Paige and Kaley Wilson, 11 and 8, are using proceeds from their lemonade stand to give “a hug and a mug” to first responders. They’ve raised $1,202 since July and bought Arctic insulated mugs to give to police, firefighters and other emergency personnel. The girls, along with their dad, John Wilson, took 60 mugs to the Mississippi Highway Patrol Office on Wednesday to give to state troopers. The girls call their fundraiser Delicious Divas’ Lemonade. “I love seeing their reactions because it just makes me smile,” Paige said. State Trooper Brodrick Nettles said he plans to use his mug for tea. “I think it’s great,” he said. State Trooper Cal Robertson agreed. He said he plans to use his for water or coffee. Paige and Kaley both attend North Woolmarket Elementary School. The girls came up with the idea for a lemonade stand and said their father told them they should use the money they made to do something good. “With all that’s going on this world, and the disrespect shown to police, I thought they could do something to make a difference for police and other first responders,” Wilson said. The girls first set up shop in the driveway of their Woolmarket home and made $312, selling fresh-squeezed lemonade and their mother’s homemade cookies. Their second time, they raised $890, but realized they couldn’t keep up with fresh-squeezed lemonade. Wilson said he bought 150 insulated mugs. He and the girls began driving around, and every time they saw a police car parked in front of a home, they would stop and give the officer a mug. “One officer had a tear roll down his face,” Wilson said. Next, they gave out mugs at their neighborhood fire station. They’d given out 79 mugs before gave some to state troopers on Wednesday. When not selling lemonade, Paige enjoys playing with friends and Kaley enjoys playing with the family’s dogs. Kaley’s into art. She said it’s her favorite thing about school. Paige said her friends are what she likes most about school. An officer’s wife made the girls T-shirts with their fundraiser’s name. The girls will set up shop Saturday under a tent at the Veterans Day parade in D’Iberville. They will announce future locations of lemonade sales on their Facebook page. “They’re giving a mug and a hug one smile at a time,” Wilson said. “I think I get even more out of it than they do.”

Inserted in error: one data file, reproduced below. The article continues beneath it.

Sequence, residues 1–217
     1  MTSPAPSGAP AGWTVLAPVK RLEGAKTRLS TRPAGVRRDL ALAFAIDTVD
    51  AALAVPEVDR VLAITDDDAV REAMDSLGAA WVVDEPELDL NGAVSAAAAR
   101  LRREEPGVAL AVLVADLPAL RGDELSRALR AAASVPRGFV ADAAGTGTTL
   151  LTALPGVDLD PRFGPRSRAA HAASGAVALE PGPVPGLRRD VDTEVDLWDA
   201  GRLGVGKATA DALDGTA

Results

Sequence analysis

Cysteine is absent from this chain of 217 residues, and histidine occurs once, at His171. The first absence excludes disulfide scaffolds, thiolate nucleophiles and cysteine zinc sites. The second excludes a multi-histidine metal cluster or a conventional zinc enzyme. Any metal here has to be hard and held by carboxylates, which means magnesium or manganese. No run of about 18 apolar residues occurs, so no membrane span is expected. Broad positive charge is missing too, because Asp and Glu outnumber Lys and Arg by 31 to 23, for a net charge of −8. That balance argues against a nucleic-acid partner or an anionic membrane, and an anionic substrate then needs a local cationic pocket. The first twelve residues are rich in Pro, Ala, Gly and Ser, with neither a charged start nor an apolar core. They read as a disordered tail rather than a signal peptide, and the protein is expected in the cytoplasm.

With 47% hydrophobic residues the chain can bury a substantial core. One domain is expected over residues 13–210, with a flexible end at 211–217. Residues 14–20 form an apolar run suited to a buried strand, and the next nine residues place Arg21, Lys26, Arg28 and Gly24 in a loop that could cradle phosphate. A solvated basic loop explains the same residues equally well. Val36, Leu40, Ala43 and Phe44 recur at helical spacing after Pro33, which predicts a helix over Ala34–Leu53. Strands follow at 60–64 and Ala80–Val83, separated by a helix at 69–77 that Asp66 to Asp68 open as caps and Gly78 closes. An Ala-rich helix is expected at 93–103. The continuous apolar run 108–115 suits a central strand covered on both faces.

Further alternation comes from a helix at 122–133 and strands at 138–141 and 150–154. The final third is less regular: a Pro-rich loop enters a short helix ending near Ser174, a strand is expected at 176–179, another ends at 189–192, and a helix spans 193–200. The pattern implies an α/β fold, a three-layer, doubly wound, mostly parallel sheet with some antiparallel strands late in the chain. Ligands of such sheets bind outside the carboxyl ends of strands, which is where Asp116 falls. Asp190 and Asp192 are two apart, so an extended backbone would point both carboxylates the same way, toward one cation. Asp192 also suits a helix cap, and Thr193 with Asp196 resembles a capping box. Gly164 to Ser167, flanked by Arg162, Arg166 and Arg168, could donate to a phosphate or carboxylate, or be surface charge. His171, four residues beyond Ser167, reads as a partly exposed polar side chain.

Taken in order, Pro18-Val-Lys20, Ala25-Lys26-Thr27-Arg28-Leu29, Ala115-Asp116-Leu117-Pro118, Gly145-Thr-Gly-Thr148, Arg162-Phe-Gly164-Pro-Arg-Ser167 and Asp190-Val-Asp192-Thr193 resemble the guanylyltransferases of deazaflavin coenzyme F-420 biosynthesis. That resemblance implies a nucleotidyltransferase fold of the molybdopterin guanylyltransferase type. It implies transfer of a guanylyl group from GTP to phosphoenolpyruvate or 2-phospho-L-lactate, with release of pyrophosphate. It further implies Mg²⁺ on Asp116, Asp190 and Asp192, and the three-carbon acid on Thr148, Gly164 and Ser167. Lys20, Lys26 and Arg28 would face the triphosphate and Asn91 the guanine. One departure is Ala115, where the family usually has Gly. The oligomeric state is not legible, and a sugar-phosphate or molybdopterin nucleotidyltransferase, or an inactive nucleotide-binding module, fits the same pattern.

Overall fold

FHP: Dementia one of leading causes of wrong-way driving